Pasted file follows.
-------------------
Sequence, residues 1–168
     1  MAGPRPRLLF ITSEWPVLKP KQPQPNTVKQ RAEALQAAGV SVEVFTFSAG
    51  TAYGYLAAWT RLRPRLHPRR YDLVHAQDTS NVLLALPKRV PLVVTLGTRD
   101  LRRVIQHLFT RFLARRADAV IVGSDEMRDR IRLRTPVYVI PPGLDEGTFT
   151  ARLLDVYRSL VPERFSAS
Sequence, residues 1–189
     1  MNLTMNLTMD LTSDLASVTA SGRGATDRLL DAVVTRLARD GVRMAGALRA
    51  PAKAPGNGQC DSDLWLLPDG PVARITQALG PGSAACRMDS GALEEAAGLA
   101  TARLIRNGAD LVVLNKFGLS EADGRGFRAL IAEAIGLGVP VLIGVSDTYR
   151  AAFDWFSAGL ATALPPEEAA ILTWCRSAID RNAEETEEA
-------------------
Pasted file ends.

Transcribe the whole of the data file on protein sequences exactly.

Sequence, residues 1–168
     1  MAGPRPRLLF ITSEWPVLKP KQPQPNTVKQ RAEALQAAGV SVEVFTFSAG
    51  TAYGYLAAWT RLRPRLHPRR YDLVHAQDTS NVLLALPKRV PLVVTLGTRD
   101  LRRVIQHLFT RFLARRADAV IVGSDEMRDR IRLRTPVYVI PPGLDEGTFT
   151  ARLLDVYRSL VPERFSAS
Sequence, residues 1–189
     1  MNLTMNLTMD LTSDLASVTA SGRGATDRLL DAVVTRLARD GVRMAGALRA
    51  PAKAPGNGQC DSDLWLLPDG PVARITQALG PGSAACRMDS GALEEAAGLA
   101  TARLIRNGAD LVVLNKFGLS EADGRGFRAL IAEAIGLGVP VLIGVSDTYR
   151  AAFDWFSAGL ATALPPEEAA ILTWCRSAID RNAEETEEA